Grim’s Guide to dirt

After reading a recent article in the National Geographic Magazine, I began to speculate about dirt. Well, soil to be more precise. After a long read about soil quality, erosion, compaction, and toxicity around the world, it became evident that there is more to good ol’ dirt than we originally expected.

My family has composted for as long as I can remember. At the time I didn’t think much of it, but here we are many years later, when I realize that just like so many other things taken for granted, soil plays an essential role in this world. As it stands, the world food supply is in the most severe danger. In the effort to feed so many people, with as little effort, for as much profit possible, we have nearly exhausted the soil. In short, the dirt is tired.

Soil is comprised of many things, a mixture of dead and dying plant matter, sand, fine rocks and minerals, and most importantly, zillions upon zillions of microorganisms. These tiny bugs work day and night to convert plain soil into an organic buffet for plants. However, these bugs are finding it hard to work in the conditions of our ignorance. Not only do they have to worry about chemical pesticides and herbicides, they need to cope with chemical fertilizers loaded with good and bad ingredients. In addition to chemicals, these amazing micro organisms have trouble getting around in dirt compacted by increasingly heavy machinery.

From what I have read so far, between the National Geographic, Wikipedia, and my mother’s guide to gardening, we are killing our soil faster than we can replenish it. Now, for most of us, improving soil quality is as simple as going to the supermarket and buying some nitrogen rich potting soil. For over two thirds of the world however, things are not so simple.

Anyway, now that we know that things are crap and getting worse, let’s yet again embark on a Quest for Informational Enlightenment and see what can be done.

I did some preliminary Questing on this subject and found several methods for improving soil quality.  Some were as simple as placing some rocks on the ground, others were much more labour intensive.  One method really caught my attention due to its self propagating nature and ease of implementation.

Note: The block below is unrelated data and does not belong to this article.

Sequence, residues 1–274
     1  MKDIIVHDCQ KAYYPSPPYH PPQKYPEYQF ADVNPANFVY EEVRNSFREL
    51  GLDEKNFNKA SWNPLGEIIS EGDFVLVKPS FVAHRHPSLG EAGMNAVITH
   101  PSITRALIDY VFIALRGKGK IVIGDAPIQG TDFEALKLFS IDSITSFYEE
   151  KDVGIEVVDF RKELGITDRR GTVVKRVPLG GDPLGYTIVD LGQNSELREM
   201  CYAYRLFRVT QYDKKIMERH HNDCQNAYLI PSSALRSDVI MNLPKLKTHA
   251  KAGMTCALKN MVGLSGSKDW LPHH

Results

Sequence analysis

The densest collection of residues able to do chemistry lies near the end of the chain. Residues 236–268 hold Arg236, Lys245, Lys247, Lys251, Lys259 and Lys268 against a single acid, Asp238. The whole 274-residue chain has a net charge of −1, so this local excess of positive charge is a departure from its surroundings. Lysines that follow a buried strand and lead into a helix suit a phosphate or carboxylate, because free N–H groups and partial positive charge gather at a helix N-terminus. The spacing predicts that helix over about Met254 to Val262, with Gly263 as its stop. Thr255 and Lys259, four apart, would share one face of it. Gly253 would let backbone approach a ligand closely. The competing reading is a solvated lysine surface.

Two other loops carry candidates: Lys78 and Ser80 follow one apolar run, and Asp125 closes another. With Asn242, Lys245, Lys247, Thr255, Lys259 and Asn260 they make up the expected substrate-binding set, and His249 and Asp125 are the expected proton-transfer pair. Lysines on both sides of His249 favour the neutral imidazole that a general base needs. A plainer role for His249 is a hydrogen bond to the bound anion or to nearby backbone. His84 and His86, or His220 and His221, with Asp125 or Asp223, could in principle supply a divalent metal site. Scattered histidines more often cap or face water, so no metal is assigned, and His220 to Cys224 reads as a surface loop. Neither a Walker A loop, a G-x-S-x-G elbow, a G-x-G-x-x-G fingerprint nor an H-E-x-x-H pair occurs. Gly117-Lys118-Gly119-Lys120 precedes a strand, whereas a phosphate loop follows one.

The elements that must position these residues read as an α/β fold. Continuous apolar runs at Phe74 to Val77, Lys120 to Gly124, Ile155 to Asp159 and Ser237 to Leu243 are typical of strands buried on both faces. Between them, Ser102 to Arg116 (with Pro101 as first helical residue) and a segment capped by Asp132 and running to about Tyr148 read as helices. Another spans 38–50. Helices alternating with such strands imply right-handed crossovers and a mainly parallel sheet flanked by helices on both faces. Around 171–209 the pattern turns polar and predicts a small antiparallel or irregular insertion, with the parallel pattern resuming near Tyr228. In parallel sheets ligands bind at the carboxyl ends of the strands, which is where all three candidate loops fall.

Terra Preta is a soil found in areas of the Amazon rain forest, which has shown some rather amazing properties. What amazed me most was the fact that this soil was being used for open crops. At first this may seem normal, but from all that I have read on soil<insert exhaustive sigh here>, is that the loamy rich soil of rain forests is extremely delicate. Rain forests are incredibly complicated ecosystems and the soil suffers greatly after deforestation. Areas of logging turn to barren dessert in a very short time and will support almost no growth. The difference between regular tropical soil and Terra Preta, is that Terra Preta will remain fertile after centuries of sun and rain.

One of the key components of Terra Preta is charcoal. Charcoal is basically a form of carbon made by smoldering bio-mass such as wood, animal waste,etc, at low temperatures with a minimal amount of oxygen.  Charcoal is a very porous material which helps retain water, nutrients and most importantly, provides an excellent home for micro organisms. A large quantity of charcoal in the soil allows crops to thrive in even tropical sun exposure. It would seem that many hundreds of years ago, some ancient cultures in the Amazon would mix charcoal as well as broken pottery into the soil. We can’t be sure of their intentions at the time; however the result was the development of a soil that could very well be the blueprint for soil restoration around the world.

At first glance, it would seem rather energy intensive to me to turn organic matter into charcoal, only to throw it into the ground again. Even more so when you consider that you must first saturate the charcoal with nutrient rich liquids such as urine. As our fortunes would have it however, there are modern technologies which actually produce more energy than is used in the production of biochar, which is essentially, fine charcoal made from biomass.

The more efficient of these practices of making biochar utilizes a process called Pyrolysis. This system allows one to take dried biomass such as human and animal wastes, woody materials, and produce biochar in addition to syngas and bio-oil. The total energy output from some of these operations can sometimes be as high as 7 times the energy invested.

So now we conclude that charcoal + pee + soil = good. The carbon from charcoal has many other uses to be explored in another quest. We hope to post again on the benefits of charcoal and how you might produce some top quality soil, right at home.


~ by grimsguide on December 13, 2008.

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